August 10, 2022 7/42

common trend (red-colored squares), one would have to conclude that an “excess mortality” is

258

observed in six years, and a “mortality deficit” in the other six years. 259

Since about half of the years show mortality levels above the common trend, one 260

could use the term “excess mortality” only for years that show an outstanding increase

261

in mortality above a certain threshold. One straightforward possibility to establish such

262

a threshold would be to compute the mean variation (empirical standard deviation) 263

around the common trend across the years, and to designate as “excess mortality years”

264

only those in which the number of observed deaths exceeds twice the mean variation. 265

Another possibility would be to search for previous years with peak deviations from

266

the common trend, and then to compare the deviation observed in the year one is 267

interested in with the peak deviations in previous years. Such a comparison was for 268

instance made in a recent study by Staub et al. [14] where the historical dimension of 269

the COVID-19 pandemic was examined for the countries Switzerland, Sweden, and 270

Spain over a time span of more than 100 years, revealing that the peaks of monthly 271

excess mortality in 2020 were greater than most peaks since 1918. 272

Nevertheless, also in this contribution we decided to use the terms “excess mortality”

273

and “mortality deficit” for a mortality which is just above or below the estimated value,

274

as in most other contributions. An attempt to define an outstanding “excess mortality 275

year“ via mean variations will be made in Section 3 and Section 4. 276

1.7 The Present Study 277

The aim of the present study is to provide the state-of-the-art method of actuarial 278

science to estimate the expected number of all-cause deaths and thus to estimate the 279

increase in all-cause mortality for the pandemic years 2020 to 2022. In particular we 280

evaluate the all-cause deaths in Germany. The following four questions are investigated:

281

(1) Yearly Increase in mortality in the years 2020 to 2022 in Germany: As described 282

above, there are several studies that have attempted to estimate the increase in 283

mortality in Germany in 2020 and 2021 based on different methods [5–8, 10]. 284

However, there are several unanswered questions: 285

First, only one study [5], which examined only the year 2020, took into account 286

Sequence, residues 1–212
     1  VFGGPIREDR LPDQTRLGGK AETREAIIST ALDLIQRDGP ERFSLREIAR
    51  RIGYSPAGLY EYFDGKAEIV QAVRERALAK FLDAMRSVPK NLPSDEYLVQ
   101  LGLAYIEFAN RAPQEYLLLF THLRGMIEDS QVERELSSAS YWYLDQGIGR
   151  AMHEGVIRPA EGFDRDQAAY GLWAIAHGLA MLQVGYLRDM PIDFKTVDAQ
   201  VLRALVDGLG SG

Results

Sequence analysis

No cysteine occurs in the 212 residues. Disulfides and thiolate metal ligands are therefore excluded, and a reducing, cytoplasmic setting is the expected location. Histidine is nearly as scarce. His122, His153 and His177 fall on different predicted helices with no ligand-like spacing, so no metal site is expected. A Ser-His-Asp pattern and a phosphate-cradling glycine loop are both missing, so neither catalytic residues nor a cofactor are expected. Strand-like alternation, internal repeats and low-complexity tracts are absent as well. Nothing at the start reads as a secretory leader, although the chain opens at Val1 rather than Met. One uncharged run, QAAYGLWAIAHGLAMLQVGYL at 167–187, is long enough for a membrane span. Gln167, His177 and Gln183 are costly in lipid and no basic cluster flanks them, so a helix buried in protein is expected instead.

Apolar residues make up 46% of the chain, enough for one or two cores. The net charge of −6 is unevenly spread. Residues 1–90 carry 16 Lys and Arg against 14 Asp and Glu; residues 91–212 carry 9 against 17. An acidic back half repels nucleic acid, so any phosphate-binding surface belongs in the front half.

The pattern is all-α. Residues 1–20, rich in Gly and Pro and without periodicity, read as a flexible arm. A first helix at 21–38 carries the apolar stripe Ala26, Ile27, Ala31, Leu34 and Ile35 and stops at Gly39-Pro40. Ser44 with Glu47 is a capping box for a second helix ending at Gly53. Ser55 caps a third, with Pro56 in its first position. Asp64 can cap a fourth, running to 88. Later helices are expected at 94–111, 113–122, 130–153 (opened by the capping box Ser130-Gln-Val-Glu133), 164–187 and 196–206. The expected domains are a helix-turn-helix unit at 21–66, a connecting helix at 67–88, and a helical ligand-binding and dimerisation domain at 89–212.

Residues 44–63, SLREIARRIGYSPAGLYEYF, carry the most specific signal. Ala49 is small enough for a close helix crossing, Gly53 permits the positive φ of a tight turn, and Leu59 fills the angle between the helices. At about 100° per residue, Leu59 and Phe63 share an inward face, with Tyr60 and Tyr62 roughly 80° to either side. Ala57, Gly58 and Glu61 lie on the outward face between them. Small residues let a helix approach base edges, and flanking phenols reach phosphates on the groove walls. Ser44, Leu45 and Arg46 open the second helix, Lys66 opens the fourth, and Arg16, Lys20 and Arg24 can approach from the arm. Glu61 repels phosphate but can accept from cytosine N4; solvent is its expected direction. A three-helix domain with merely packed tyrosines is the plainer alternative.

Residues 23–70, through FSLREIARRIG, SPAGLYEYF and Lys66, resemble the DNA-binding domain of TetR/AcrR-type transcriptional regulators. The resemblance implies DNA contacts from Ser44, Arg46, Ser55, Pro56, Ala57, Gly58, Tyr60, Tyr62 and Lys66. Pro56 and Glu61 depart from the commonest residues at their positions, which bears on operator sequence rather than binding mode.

the historical trend in mortality rates. We use the best available mathematical 287

model provided by the German Association of Actuaries, where well established 288

longevity factors are used for estimating the trend. 289

Second, although in most of the studies age-standardized estimations were made, 290

age-dependent differences in mortality increase were not examined in detail. We 291

use most recent life tables provided by the Federal Statistical Office of Germany 292

to calculate age-dependent expectations, applying the standard model in actuarial

293

mathematics which was already used by Euler and Gauß. 294

Third, in none of the studies, it was examined how much the mortality estimates 295

vary with different approaches. Here we calculate the model and parameter 296

sensitivity by comparing the results achieved using different life tables and 297

longevity factors. 298

And fourth, in all of the previous studies, only the estimated increase in all-cause

299

deaths was reported, without examining whether the estimated increase exceeds 300

the usual variation in mortality found across previous years. We give an estimate

301

for the empirical standard deviation which can be used to obtain confidence 302

intervals. 303

(2)

Monthly increase in mortality in the years 2020 to 2022 in Germany: The increase

304

in mortality over the course of the year has so far only been investigated for 2020

305

August 10, 2022 8/42

in two studies [5,6]. The years 2021 and 2022 have not yet been investigated in 306

this respect. Furthermore, no study has yet determined the increase in mortality 307

over the course of the year for different age groups. 308

(3) Comparing the results to possible influencing factors: In none of the previous 309

studies, possible factors that might contribute to the observed course of the 310

increase in mortality were explicitly examined on a monthly base during the 311

pandemic years 2020 to 2022. 312

(4) Monthly increase in the number of stillbirths in the years 2020 to 2022 in 313

Germany: In all previous studies, the increase in mortality has only been 314

examined for the age groups 0 and above. Whether changes in mortality are also